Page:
Climate: Lake Tahoe has a generally dry and temperate climate. Most of its precipitation occurs in the winter in the form of snow, and the summer is dry with very little humidity. The main abiotic factor that influences lake Tahoe’s climate is the mountain ranges. Tahoe is located between the Sierra Nevada and Carson mountain ranges. The Sierra Nevadas block the prevailing winds and moist air from the Pacific Ocean creating a rain shadow effect for lake Tahoe. The reason that Tahoe gets so much snow in the winter is that storms from the Pacific Ocean become more intense as they are forced over the Sierra Nevada mountains. This is a process known as an orographic lift. Lake Tahoe also has a salinity of fewer than 0.5 ppt and is classified as a freshwater lake. Part of the reason for this is that in the spring the large amounts of snow that fell melt and the freshwater dilutes the water.
Most common plant species and their adaptations:
Jeffrey Pine: One of the most common trees in Lake Tahoe. It is a North American pine tree that primarily is found in California. Many trees like the Jeffrey pine are at the least moderately fire and drought resistant. Lake Tahoe has a high fire risk and dry summers, so without these adaptations, plants could risk dying.
Canyon live oak: A member of the climax community, which is the final stage of succession. These oaks remain relatively unchanged until a natural disaster occurs like a fire or human interference occurs.
Mule ears: Mule Ears are native perennial herbs that grow near the shore and are slow-growing. They are a pioneer species because they have the ability to grow in areas that were recently burned in fires.
Eurasian watermilfoil: A species of aquatic plant native to Eurasia, but was introduced to North America. It grows in still or slow-moving water but is considered to be a highly invasive species.
Algae: Algea's pigment allows it to do photosynthesis. Also, some have gas-filled floats that allow them to float and maximize their exposure to sunlight.
Most common animals and their adaptations:
The American beaver: The largest rodent in the United States, has dark brown waterproof fur, and webbed feet. They have to store fat in the fall and winter to survive lake Tahoe’s intense winters, and their webbed feet allow them to swim fast through the water.
Snapping Turtle: Usually tan to black in color and have a spiky upper shell, a small cross-shaped lower shell, a long tail, sharp claws, and a large head with hooked jaws. Snapping turtles have murky-colored shells to blend in with the murky water in the lake. They are tertiary consumers and sit still underwater, wriggling their tongues to look like worms in order to attract the fish. Once a fish is in striking distance the snapping turtle rapidly bites down with over 200 newtons of force.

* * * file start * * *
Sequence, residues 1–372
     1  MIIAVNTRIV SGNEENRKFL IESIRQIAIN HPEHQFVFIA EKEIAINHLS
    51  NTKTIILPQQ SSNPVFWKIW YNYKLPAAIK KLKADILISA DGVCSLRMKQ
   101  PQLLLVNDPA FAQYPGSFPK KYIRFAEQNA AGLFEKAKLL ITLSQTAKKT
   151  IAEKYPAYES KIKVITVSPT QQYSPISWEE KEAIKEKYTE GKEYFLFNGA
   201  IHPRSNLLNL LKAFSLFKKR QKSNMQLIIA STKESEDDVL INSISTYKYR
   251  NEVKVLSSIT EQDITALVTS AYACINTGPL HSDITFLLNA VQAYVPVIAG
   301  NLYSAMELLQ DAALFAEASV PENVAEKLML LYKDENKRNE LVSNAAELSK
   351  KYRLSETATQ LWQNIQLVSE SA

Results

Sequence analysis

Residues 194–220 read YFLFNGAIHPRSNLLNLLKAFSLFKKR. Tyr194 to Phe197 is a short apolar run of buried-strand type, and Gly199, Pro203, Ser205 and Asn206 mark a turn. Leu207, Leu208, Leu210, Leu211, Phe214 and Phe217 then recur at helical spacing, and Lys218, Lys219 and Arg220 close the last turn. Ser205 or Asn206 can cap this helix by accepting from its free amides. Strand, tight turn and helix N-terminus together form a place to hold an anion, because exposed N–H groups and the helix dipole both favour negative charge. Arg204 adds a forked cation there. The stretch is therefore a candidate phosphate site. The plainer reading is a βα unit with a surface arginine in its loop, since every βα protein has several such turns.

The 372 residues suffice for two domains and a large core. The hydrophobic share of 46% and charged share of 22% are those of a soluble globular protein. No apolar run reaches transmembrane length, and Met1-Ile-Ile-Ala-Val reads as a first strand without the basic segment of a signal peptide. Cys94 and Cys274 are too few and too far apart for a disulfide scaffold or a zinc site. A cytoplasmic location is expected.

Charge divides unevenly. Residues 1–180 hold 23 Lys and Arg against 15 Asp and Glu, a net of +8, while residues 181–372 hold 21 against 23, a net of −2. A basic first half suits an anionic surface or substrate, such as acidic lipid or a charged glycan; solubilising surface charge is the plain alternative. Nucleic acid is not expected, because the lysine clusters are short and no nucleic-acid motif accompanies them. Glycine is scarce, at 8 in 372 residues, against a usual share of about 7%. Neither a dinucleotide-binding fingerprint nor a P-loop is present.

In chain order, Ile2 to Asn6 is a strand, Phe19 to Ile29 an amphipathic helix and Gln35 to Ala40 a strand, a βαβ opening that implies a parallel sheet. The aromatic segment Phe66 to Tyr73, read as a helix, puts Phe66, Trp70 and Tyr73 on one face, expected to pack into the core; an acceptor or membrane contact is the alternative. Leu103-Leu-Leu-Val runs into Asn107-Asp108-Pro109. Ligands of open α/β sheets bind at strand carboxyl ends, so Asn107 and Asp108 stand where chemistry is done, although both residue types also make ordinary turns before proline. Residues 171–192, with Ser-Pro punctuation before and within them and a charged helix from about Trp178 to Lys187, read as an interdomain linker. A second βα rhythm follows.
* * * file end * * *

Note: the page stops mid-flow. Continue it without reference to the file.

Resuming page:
Smallmouth bass: Adult smallmouth bass can grow up to 26 inches long. Their elongated body is pale brown or olive green, while their belly is yellow-white in color. Rainbow Trout and Smallmouth Bass have the highest population of all the fish in the aquatic community and are secondary consumers. They feast on Kankokee salmon and Mysis shrimp. However, rainbow trout and smallmouth bass live in a very competitive niche because of the large number of secondary consumers in Lake Tahoe.
Mysis shrimp: small, shrimp-like crustaceans. Females have a brood pouch or "marsupium" to raise their larvae. Mysis shrimp are very important zooplankton because many species rely on them for food.
Food Web at Lake Tahoe:
Decomposers: Bacteria, flatworms, fungi, and other microorganisms are the most common decomposers in Lake Tahoe. However, some flatworms are parasitic so they are mostly responsible for sickness or disease. The majority of the flatworms do help the environment by being decomposers.
Modern and Non-Native Species in Lake Tahoe:
Quagga and zebra mussels: The quagga and zebra mussels reproduce and colonize quickly, so they are a major disruption to the food chain.
Crayfish and Mysid shrimp: these species were introduced intentionally to provide additional food for the game fish in the pond.
Eurasian watermilfoil and curly-leaf pondweed: They were initially established in the Tahoe Keys lagoon, but have continued to spread to other locations around the lake. The dense surface mats can interfere with water-based recreational activities and prevent plants from the sunlight to photosynthesize.
New England Mud Snail: There is concern that the mud snails will impact the food chain of native trout and because of their large numbers they disrupt ecosystems that they infest. The mud snails spread easily by attaching themselves to aquatic plants, fishing gear, and boats.